Jesus gave the woman more than she ever asked. He gave her what she needed when she least expected it. He gave her what she didn’t deserve. In spite of her shortcomings, because of her shortcomings, Jesus gave the woman at the well himself. He gave her the water of life welling up inside her eternally. He gave her himself and he gave her herself, as well. Jesus gave her the freedom to be all that she was originally created to be. He released her from her shame, by facing it and transforming it. Jesus will do the same for us.
After all, which one of us doesn’t own at least one water jar that we lug empty, day after day, in the hot noon sun hoping to find a little water in the well? Our water jars are the “can’ts” and “ought tos” and “should haves” of our lives. The times we let our family down, the times we let ourselves down, the times we let God down. Or they are the parts of ourselves we keep hidden, our handicaps and insecurities, our quiet fears and loud but unnecessary embellishments. Our water jars are those times we failed, and those times we didn’t try hard enough to succeed. And we, like the woman at the well, want to run and hide from the woven web of a thousand humiliations which make up our shame.
But Jesus says to us: Go and get your secrets and bring them to me. “The hour is coming and is now here,” for you to face this…but you do not face it alone. You face it with me.
Jesus gives us more than we have ever asked. For Jesus takes even those things of which we are ashamed and blesses them and says: These are the ways of grace in your life. All that is you, even the hidden parts, are redeemed in my light, washed clean in my water, made whole in my kingdom. All that you are is loved by me. No matter what you have done you are worthy—to know me, to worship me, and to be known by me. Here, have it, living water, welling up inside you into eternal life. All those secret shames can now be used for a purpose to let my strength be known in your life.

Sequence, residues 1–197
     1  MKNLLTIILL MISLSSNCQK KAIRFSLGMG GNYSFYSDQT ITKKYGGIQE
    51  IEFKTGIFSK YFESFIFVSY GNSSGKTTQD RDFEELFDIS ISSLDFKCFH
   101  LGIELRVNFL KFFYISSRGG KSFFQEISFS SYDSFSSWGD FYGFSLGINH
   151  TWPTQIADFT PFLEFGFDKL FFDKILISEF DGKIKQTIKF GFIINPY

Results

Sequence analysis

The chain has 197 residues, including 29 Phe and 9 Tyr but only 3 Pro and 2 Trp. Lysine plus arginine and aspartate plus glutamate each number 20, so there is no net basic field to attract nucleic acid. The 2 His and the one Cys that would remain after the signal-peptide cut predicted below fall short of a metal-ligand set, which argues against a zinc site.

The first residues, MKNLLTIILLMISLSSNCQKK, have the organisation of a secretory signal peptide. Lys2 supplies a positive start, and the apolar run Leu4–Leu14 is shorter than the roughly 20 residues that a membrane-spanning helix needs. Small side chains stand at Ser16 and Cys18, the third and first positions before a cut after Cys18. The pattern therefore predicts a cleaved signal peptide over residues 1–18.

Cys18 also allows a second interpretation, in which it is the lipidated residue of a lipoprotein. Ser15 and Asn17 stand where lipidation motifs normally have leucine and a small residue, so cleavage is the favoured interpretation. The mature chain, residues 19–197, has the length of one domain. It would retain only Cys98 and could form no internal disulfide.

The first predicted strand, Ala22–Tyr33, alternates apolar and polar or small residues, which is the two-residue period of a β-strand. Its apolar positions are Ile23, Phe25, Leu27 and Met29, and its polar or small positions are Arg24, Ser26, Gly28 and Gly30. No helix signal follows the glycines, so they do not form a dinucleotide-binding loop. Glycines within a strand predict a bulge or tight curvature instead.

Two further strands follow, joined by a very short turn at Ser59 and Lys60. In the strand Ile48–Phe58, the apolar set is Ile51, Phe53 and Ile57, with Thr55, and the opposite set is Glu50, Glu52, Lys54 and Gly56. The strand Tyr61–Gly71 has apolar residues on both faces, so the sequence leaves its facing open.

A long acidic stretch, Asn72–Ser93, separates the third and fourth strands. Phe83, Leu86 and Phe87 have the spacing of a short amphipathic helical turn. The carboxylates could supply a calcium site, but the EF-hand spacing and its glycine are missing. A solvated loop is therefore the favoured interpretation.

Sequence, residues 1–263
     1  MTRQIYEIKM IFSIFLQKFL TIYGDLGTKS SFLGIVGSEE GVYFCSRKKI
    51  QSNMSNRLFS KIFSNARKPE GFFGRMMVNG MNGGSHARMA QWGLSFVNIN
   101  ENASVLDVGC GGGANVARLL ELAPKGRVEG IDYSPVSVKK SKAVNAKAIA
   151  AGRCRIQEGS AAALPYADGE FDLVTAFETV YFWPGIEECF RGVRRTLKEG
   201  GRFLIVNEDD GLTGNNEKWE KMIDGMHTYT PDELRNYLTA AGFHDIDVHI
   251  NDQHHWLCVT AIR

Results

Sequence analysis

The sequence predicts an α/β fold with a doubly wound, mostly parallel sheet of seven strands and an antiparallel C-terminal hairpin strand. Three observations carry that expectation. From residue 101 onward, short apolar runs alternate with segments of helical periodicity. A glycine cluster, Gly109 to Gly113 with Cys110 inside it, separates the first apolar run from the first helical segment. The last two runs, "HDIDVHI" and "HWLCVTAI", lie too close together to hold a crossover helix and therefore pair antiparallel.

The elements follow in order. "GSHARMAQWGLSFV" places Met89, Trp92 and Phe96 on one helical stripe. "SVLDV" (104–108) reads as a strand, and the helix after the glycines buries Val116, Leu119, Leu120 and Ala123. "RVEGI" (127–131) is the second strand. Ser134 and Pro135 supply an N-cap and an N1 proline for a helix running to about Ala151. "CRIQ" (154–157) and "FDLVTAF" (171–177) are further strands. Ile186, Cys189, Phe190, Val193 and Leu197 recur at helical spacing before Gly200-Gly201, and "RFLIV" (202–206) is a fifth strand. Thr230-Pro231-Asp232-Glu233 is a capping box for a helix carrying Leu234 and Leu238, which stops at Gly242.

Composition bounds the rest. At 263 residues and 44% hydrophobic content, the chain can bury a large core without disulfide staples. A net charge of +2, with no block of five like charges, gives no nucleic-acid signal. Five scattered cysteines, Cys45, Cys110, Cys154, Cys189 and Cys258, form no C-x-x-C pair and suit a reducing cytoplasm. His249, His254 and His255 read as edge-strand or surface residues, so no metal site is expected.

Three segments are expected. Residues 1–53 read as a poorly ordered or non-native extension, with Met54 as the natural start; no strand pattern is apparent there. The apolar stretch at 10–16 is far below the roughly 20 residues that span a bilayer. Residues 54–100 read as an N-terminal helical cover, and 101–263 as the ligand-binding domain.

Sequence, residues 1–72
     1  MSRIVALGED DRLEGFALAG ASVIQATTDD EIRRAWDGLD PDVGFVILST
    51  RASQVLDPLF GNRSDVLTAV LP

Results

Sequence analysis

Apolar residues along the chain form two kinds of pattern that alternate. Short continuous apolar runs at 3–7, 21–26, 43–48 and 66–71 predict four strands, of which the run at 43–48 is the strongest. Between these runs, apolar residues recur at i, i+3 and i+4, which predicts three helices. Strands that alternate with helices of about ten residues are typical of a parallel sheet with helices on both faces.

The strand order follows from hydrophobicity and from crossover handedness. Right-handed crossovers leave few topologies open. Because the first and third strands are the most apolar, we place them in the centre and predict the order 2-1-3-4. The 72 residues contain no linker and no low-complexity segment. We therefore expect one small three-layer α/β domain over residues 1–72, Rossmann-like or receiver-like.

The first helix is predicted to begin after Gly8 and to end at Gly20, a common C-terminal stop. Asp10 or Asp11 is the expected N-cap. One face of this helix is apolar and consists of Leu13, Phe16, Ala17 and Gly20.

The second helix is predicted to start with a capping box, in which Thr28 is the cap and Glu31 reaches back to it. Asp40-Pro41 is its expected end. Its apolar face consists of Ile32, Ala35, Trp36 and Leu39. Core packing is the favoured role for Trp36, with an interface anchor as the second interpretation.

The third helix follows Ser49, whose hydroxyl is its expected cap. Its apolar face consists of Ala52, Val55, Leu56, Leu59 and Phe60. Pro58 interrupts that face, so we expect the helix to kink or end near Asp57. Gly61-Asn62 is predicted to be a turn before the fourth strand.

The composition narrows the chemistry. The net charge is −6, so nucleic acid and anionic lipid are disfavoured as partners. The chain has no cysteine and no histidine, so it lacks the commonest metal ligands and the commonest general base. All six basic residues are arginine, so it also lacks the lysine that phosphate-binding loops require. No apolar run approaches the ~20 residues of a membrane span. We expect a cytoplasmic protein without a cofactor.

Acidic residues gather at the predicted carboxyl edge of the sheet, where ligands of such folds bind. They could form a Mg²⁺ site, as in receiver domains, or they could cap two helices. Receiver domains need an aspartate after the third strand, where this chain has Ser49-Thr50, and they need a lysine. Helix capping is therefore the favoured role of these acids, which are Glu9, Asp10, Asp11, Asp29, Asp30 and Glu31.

The Samaritan woman got more than she came for that day at Jacob’s well. And what else could she do but go to the people of her city, her own kind, the ones who knew her shame, telling them to come and see the one who had filled her to overflowing. We are told “many believed because of the woman’s testimony.”
In the process she seems to have forgotten the water jar, leaving it behind at the well. Perhaps she was so excited she no longer had time for the everyday things of life. Or perhaps not. Maybe she left it behind on purpose so that later, in the cool of the evening, she could return to fill it with the water her home would need the next day. Maybe she left it there on purpose, so that when she did come back, she would meet at the well the women who had judged her so harshly. Then she could say to them, quietly, with dignity: Let me tell you how my life has been transformed. Let me tell you about the “One who knew everything I ever did.”